On patrol in the Gobi

Director´s view

Miroslav Bobek  |  30. 06. 2018

The Mongolian rangers Altanashagai and Biligsaichan are on a week-long trip to the Great Gobi A Strictly Protected Area on brand new motorbikes. The bikes are laden with fuel, water and materials for the patrol of this desolate area the size of Switzerland. Here they face an extremely strenuous ride taking them on stony and gravelly slopes, through rocky gorges, along plains dotted with the shrub-like saxaul and over treacherous sand dunes.

Photo: Miroslav Bobek, Prague Zoo Photo: Miroslav Bobek, Prague Zoo

It’s an incredible rally, which Altanshagaj and Biligsaichan - like the fourteen other rangers in Gobi A – undergo two or three times a month. In the summer, when the temperatures are over forty degrees Celsius and the sun-scorched surface is too hot to touch by the afternoon, and in winter, when temperatures plummet to minus forty. They always stay for about a week in the wilderness covering several hundred kilometres.

This column is written in a dwelling made of stone and wood in the shape of a yurt. The rangers have gradually built seven of them here in Gobi A, so that they don’t have to live in tents all the time. As I write, Altanashagai and Biligsaichan clean the nearby watering hole. The maintenance of the watering holes is one of the key factors for the survival of Wild Camels, Gobi Bears and other rare animals, making it one of the rangers’ main tasks. In addition, they carry out regular monitoring in the protected area, keep a watch out for “ninjas”, i.e. illegal gold miners, inspect the camera traps, collect samples and much more besides.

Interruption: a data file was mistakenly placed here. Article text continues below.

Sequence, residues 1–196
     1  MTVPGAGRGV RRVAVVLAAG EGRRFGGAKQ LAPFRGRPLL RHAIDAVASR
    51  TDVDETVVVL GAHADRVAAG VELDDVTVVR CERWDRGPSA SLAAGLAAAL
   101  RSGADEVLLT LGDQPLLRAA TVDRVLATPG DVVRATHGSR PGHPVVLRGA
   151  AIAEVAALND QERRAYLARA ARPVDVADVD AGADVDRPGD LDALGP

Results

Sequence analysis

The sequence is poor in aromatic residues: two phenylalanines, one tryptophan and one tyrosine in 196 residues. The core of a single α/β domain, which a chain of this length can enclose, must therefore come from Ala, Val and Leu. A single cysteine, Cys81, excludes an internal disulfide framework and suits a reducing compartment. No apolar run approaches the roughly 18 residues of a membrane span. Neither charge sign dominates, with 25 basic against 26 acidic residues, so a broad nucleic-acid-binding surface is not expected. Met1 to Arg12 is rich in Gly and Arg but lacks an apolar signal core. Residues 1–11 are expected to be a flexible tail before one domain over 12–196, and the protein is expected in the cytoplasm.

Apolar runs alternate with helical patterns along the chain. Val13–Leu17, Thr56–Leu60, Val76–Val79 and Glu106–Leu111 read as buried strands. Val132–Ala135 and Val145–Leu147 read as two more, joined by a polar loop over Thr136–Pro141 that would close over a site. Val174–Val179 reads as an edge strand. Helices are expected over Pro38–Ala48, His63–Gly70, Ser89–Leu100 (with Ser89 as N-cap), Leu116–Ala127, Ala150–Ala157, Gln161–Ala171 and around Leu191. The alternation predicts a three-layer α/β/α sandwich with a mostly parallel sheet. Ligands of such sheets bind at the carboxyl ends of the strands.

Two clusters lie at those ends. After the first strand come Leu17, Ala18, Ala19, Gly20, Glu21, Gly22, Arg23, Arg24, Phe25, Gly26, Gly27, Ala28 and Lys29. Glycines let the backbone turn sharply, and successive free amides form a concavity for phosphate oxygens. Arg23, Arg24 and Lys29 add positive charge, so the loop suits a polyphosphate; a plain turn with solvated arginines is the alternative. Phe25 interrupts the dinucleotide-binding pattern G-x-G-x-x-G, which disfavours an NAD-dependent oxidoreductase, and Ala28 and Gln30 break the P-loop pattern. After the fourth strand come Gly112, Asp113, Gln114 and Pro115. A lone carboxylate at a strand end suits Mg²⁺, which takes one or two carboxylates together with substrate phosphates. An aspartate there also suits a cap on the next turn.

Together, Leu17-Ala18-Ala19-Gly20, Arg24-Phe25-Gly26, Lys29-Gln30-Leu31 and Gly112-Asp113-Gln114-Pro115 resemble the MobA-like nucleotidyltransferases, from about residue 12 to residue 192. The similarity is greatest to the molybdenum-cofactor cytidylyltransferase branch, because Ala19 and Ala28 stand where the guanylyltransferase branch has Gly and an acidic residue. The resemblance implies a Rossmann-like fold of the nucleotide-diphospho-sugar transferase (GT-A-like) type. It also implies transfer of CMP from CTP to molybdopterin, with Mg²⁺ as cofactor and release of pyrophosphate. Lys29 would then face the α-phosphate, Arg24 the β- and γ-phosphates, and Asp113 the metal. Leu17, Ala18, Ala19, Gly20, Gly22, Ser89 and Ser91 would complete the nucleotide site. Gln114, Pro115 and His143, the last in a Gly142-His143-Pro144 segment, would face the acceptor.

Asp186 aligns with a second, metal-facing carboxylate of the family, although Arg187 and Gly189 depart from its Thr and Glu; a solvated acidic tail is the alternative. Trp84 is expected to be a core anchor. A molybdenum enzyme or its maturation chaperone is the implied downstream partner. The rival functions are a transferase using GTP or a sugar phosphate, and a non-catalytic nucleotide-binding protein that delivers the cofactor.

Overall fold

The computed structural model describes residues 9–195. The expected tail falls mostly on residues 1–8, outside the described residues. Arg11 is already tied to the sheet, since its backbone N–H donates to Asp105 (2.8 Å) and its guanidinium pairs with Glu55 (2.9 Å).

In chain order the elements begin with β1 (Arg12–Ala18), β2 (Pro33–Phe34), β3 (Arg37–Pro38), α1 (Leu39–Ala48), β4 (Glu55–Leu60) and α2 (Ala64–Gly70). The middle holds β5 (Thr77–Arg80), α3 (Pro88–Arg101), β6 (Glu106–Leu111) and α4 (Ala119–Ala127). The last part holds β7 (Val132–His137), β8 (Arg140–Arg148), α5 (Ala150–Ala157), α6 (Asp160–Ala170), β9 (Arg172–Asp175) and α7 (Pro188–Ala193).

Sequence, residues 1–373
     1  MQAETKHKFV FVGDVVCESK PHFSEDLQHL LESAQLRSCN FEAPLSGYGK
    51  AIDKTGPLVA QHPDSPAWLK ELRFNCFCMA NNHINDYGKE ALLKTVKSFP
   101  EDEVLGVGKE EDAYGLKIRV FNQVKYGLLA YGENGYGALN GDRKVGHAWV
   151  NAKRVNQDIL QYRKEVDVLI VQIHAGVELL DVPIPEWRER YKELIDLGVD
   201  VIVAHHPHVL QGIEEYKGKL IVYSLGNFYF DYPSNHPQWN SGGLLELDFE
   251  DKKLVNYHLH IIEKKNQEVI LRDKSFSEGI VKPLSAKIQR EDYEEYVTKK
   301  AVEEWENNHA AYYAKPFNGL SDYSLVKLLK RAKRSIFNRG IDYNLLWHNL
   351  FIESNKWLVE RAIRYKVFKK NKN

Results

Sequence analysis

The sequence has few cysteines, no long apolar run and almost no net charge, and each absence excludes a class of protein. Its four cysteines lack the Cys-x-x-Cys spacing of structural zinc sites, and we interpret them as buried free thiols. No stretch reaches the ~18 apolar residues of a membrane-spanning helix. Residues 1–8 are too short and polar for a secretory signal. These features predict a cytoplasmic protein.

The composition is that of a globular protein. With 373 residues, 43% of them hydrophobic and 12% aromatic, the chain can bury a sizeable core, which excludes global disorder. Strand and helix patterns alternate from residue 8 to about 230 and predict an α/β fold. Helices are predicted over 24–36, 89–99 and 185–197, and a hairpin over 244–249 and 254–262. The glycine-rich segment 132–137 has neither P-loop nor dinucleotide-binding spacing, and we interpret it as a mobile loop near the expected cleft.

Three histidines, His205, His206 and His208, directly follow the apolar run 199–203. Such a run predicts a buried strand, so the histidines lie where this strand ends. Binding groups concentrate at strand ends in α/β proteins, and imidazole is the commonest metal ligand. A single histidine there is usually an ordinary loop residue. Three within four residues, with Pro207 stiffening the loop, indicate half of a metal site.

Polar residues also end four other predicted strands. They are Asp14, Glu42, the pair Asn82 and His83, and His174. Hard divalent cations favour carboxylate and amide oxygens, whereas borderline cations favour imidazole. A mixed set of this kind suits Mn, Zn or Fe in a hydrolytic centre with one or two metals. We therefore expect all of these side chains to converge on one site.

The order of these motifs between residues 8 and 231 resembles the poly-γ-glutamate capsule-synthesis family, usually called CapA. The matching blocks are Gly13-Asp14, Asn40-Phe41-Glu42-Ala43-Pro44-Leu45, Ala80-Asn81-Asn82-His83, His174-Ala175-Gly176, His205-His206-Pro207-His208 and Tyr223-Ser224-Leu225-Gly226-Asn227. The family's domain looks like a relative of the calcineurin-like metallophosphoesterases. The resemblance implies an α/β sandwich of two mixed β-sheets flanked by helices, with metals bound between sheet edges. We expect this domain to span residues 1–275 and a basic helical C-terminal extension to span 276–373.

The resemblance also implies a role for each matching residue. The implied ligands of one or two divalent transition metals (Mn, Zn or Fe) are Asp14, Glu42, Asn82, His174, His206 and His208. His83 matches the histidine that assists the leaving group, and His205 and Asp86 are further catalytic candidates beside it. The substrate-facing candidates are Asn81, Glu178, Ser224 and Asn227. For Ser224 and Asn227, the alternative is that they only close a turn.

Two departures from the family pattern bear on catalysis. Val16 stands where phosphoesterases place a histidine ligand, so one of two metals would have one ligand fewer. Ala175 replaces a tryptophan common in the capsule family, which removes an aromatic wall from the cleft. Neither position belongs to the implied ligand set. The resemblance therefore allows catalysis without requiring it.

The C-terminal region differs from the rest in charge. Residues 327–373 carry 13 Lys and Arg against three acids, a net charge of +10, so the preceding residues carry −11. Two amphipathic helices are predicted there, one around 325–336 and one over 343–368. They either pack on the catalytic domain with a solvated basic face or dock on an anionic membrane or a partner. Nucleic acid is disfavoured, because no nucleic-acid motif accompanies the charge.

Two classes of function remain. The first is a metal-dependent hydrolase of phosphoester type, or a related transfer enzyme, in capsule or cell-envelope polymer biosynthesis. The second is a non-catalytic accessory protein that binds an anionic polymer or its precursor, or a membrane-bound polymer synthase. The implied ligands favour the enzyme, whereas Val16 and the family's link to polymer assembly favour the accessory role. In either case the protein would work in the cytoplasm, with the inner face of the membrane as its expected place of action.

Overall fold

Last Saturday the new motorbikes that Altanshagaj and Biligsaichan rode to the watering hole on, together with six others, were handed over on behalf of Prague Zoo to the director and rangers of the Great Gobi A Strictly Protected Area. It is the next step in our efforts to support the protection of this extremely valuable territory, in particular one of its extraordinary and extremely rare inhabitants - the Wild Camel. Our further activities in Gobi A should now be focused on building a reserve population of this species in captivity. But that is still quite a long way off. Now, I face a climb up the hill from where I’ll see Altanshagaj and Biligsaichan. And who knows, perhaps in the distance, I might spot an approaching flock of Wild Camels.

On patrol in the Gobi